I suggest starting with a presentation that contains 10 to 15 slides and runs for no more than 20 minutes. In the course of your presentation, you should outline your product, your market, your management team, and the reason you think your product will sell. You should make the presentation before a few people you trust, get feedback, revise it, and give it again, this time taping it. When you view your taped version, make sure you are making a compelling case for your company.
      Only after you are satisfied that your presentation does make your case are you ready to write your business plan. Crafting such a plan is a fairly standard exercise. You can find tips in books, Web sites, and software programs. I recommend making an outline, using simple prose, and keeping your document to a maximum of 20 pages. Don't submit an 80-page plan!
    2. Identify Potential Investors
      Having developed a presentation and a plan, it's time to identify potential investors. One rule of thumb: Approach only those individuals who are less than two degrees of separation from you. Get references from people you know, but should those new acquaintances refer you to their contacts, you're on thin ice. Referrals from referrals rarely invest.
      Another tip: Stay local. You won't need to go beyond your geographic area to find pockets of people eager to invest. It is, however, a good idea to approach people you don't know (and who may not be in your locale) if you believe they have a unique understanding of your product. Since you are only looking for $100K, you should also stay away from Angel investors with a lot of capital, as they would not be interested in a small deal like this.
    3. Create a Term Sheet and Specify a Valuation
      You're now ready to create a term sheet, a one-page outline of the investment opportunity your company affords. It should include a "valuation," your best estimate of what the company is worth. Determining valuation is tricky. I suggest that you not try to gouge your investors. Aim for a fair deal. If you think your company is worth, say, $300K, and your investors offer $100K to $200K, go with the $200K. From the beginning, you want investors always to feel as if they're making money. Even though they'll own more of your company with the lower valuation, during later financing rounds, your company's stock will be more likely to increase.
     
    JesseO likes this.
  10. JScott
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    JScott Legendary Contributor FASTLANE INSIDER Speedway Pass LEGENDARY CONTRIBUTOR

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    Don't psych yourself out...it really is pretty easy to come up with income/profit estimates...

    This might sound simple, but it works...

    To estimate your net income:

    Income = (Number of Customers) x (Cost of Product) x (Frequency of Payments)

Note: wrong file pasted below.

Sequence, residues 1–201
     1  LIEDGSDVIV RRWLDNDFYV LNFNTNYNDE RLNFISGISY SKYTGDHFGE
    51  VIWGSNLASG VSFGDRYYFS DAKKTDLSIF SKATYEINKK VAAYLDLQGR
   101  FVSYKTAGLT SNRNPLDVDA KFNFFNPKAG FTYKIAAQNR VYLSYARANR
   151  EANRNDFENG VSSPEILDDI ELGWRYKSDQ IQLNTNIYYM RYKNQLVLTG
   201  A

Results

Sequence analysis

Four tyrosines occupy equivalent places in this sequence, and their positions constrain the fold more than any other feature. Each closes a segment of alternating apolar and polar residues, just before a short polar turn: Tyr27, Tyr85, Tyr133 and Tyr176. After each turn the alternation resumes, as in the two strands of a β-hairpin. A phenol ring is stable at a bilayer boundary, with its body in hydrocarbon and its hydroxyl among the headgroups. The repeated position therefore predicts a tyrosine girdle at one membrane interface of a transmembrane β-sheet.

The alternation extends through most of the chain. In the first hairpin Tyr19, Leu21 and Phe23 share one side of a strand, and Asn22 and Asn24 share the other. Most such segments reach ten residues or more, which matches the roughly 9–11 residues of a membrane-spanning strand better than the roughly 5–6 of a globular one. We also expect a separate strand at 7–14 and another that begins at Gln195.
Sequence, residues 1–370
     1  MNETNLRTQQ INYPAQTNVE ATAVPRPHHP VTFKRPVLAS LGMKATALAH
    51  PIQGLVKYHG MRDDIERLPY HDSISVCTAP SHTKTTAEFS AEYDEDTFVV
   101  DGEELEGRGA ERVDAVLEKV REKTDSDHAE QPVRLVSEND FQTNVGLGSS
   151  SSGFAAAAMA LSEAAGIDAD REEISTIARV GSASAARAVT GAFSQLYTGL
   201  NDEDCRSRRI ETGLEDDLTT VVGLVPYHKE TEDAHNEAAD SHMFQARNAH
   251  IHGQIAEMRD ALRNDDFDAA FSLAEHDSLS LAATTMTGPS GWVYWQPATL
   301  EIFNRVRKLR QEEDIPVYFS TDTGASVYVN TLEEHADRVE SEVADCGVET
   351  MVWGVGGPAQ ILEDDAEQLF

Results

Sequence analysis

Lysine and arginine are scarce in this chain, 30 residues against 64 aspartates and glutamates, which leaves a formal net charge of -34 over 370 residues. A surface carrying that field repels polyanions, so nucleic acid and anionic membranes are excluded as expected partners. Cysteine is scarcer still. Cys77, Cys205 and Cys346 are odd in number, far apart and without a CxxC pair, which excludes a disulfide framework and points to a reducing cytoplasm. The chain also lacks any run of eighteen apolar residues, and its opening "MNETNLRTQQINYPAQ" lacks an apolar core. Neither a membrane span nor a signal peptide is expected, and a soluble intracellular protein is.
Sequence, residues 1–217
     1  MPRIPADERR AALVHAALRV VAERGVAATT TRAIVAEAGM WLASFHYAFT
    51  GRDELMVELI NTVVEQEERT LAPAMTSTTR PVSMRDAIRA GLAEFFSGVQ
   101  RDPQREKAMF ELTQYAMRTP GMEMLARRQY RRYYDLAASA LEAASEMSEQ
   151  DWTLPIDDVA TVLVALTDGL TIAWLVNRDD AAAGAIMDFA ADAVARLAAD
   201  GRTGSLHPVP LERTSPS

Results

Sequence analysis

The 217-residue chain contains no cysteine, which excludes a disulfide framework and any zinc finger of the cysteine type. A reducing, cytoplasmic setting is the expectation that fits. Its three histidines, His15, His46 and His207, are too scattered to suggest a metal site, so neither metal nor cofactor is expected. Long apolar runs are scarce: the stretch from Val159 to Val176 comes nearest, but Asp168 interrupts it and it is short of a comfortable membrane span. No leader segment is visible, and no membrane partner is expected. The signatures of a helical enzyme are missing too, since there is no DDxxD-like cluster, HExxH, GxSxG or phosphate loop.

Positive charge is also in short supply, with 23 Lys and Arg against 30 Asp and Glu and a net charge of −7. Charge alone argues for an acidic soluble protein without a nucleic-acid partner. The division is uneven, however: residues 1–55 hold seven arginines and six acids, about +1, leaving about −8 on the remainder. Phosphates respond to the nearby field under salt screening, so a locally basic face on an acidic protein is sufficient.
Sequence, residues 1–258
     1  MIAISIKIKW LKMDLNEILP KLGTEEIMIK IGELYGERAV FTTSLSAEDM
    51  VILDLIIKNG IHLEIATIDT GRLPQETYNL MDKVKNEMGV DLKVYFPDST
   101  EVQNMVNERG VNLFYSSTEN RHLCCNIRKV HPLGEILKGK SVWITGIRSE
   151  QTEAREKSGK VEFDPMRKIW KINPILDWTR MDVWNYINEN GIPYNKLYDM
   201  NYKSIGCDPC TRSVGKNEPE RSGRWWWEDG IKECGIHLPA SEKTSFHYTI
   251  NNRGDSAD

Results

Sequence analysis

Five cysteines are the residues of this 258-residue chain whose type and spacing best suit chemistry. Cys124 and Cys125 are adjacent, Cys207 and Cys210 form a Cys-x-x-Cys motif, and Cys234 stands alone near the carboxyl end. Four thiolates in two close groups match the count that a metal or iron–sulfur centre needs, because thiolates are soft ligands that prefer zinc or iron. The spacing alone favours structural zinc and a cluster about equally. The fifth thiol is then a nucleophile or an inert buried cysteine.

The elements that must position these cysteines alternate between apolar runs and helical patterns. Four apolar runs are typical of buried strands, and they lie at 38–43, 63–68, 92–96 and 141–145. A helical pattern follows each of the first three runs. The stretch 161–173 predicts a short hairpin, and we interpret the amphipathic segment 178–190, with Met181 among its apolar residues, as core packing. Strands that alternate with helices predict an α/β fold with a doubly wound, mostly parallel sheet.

So, if you have a subscription service, how many customers will be paying multiplied by how much they pay multiplied by how often they pay (once? once a month? once a year?).

    If there are levels of service, figure out what percent of your customers will pay for each tier. If it's a product, assume a single payment.

    If you don't know how to price your product or how many customers you will have, the best idea is to look at your competition. How much do they charge (this will tell you how much people are willing to pay)? How many customers do they have?

    You can also estimate the total size of the market your playing in, and try to figure out what percentage of that market (in terms of customers or $$$) you believe you can capture.

    To estimate expenses, assume you get the number of customers you estimate in your income above, and figure out the cost of providing your product or service to that number of people.

    Your profit is your income - your expenses.

    As for what return an angel expects, it depends. Angel investors are generally just private investors who allocate a % of their net worth to trying to hit it big with a startup investment. Angels generally invest between $20-500K (any more than that usually comes from a venture fund), and in-my-experience generally expect between 100-500% return on their money in under 5 years.

    As for exit strategy, this is how the investors get their money back (plus more hopefully). Investors generally want to know what your goals are. For example, do you want to take a company public? Do you want to sell quickly and take a profit? Do you want to run the company for the next 20 years, not sell, and not go public?

    If you said the last thing, you're not going to make any investor friends. Investors want to hear that you plan to take your company public or sell to a competitor. Which one generally depends on the market your in. For example, if you run a blog, you likely won't go public, but you could certainly sell it to a media outlet.

    Just some thoughts...hope it helped...

    Btw, I do some angel investing and know some others who do as well...if you'd like to send me a BP, I'm happy to review it for you and give you feedback (and maybe even be able to suggest where to start for investment).